1.0 Type II CE Credits
About the presentation:
The keynote will focus on strategies for expanding the role of behavior analysis in our society. Positive Behavioral Interventions and Supports (PBIS) will be used as an example of behavior analytic principles being implemented and adopted by over 23,000 schools in the United States. Lessons learned from this experience include (a) the role of rigorous research results to guide both the design of clinical procedures and the implementation process, (b) the value of treatment integrity measures in the implementation process, (c) the critical contribution that behavior analysis has made by focusing on measurement of observable behavior, and (d) the need to focus on the design of organizational systems as well as clinical interventions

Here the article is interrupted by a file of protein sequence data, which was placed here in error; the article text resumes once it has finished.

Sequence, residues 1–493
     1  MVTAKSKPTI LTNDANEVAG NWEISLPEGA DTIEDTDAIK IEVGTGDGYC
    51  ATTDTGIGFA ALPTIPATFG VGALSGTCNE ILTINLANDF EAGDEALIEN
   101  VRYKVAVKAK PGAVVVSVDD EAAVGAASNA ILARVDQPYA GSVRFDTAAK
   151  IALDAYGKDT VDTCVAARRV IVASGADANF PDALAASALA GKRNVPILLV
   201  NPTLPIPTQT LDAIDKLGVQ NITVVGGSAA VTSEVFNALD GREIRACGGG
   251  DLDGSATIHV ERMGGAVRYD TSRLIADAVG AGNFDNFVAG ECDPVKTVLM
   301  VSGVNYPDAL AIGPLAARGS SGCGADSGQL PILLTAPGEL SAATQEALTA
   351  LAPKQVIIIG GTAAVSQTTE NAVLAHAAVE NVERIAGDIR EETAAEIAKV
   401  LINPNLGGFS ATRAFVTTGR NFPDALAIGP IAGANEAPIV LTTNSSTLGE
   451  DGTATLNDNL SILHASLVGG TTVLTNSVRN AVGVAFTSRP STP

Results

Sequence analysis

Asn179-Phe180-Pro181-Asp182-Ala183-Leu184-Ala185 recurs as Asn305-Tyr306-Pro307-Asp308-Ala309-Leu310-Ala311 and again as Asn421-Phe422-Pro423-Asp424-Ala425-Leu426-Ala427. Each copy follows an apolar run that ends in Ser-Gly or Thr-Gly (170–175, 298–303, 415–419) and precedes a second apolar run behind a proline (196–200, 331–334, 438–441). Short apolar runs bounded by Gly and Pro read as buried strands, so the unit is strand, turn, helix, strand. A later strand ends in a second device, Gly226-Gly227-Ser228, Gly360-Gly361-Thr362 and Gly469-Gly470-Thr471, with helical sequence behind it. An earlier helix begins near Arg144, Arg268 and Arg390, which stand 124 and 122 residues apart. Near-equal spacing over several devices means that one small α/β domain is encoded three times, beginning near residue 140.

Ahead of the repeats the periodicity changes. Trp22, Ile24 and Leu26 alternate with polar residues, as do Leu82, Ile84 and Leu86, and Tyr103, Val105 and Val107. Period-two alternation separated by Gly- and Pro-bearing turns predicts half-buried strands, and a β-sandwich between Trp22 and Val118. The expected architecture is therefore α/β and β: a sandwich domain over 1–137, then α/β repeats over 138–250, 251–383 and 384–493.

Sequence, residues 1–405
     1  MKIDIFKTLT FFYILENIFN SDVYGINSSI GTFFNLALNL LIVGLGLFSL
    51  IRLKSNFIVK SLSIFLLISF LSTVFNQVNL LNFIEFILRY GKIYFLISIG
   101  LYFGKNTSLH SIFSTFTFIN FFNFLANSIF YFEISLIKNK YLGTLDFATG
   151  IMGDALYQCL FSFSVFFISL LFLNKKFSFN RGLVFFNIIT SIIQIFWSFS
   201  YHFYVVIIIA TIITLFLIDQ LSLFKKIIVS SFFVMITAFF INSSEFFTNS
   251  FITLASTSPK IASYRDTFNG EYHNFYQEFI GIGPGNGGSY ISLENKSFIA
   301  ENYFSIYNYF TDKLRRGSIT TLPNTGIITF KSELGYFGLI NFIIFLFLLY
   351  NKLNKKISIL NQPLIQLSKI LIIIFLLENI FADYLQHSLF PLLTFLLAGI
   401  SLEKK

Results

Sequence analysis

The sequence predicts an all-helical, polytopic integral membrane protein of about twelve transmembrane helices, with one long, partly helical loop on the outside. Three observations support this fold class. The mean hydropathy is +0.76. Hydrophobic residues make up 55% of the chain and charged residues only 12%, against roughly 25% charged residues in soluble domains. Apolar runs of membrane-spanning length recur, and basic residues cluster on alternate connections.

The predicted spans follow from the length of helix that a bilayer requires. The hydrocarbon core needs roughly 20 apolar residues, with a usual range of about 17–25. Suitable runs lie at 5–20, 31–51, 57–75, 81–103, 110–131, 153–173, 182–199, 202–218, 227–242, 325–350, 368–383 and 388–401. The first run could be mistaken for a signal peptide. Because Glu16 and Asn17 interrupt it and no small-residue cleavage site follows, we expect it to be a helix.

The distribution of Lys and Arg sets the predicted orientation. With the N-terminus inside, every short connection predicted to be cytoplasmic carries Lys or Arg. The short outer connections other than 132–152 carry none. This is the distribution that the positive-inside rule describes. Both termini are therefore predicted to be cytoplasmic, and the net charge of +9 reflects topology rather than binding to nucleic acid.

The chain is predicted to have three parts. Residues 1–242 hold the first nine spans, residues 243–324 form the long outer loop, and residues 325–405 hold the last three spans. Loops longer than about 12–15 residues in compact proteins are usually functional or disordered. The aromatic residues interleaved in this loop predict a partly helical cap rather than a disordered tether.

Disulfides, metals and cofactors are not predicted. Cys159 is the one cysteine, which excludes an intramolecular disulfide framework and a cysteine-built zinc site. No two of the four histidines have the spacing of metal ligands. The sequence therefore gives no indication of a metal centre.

Upon completion of this presentation, participants will be able to:
- Define the distinction between clinical implementation and large-scale programmatic implementation of evidence-based behavioral practices.
- Define the role of treatment integrity in large-scale implementation of behavioral practices.
- Define the elements of a “host environment” that is likely to both implement and sustain evidence-based practices.
About the presenter:
Rob Horner is professor of special education at the University of Oregon. His research has focused on behavior analysis, positive behavior support, multi-tiered instructional systems, equity in education, and systems change. He has worked for the past 20 years with George Sugai in development and implementation of school- wide positive behavioral interventions and supports (PBIS). Over 23,000 schools are implementing PBIS nationally. Research, evaluation and technical assistance outcomes from this effort indicate that investing school-wide behavioral practices associated with improved behavioral and academic gains for students. Dr. Horner has been the editor of the Journal of the Association for Persons with Severe Handicaps, co-editor of the Journal of Positive Behavior Interventions, and associate editor for both the Journal of Applied Behavior Analysis and the American Journal on Mental Retardation.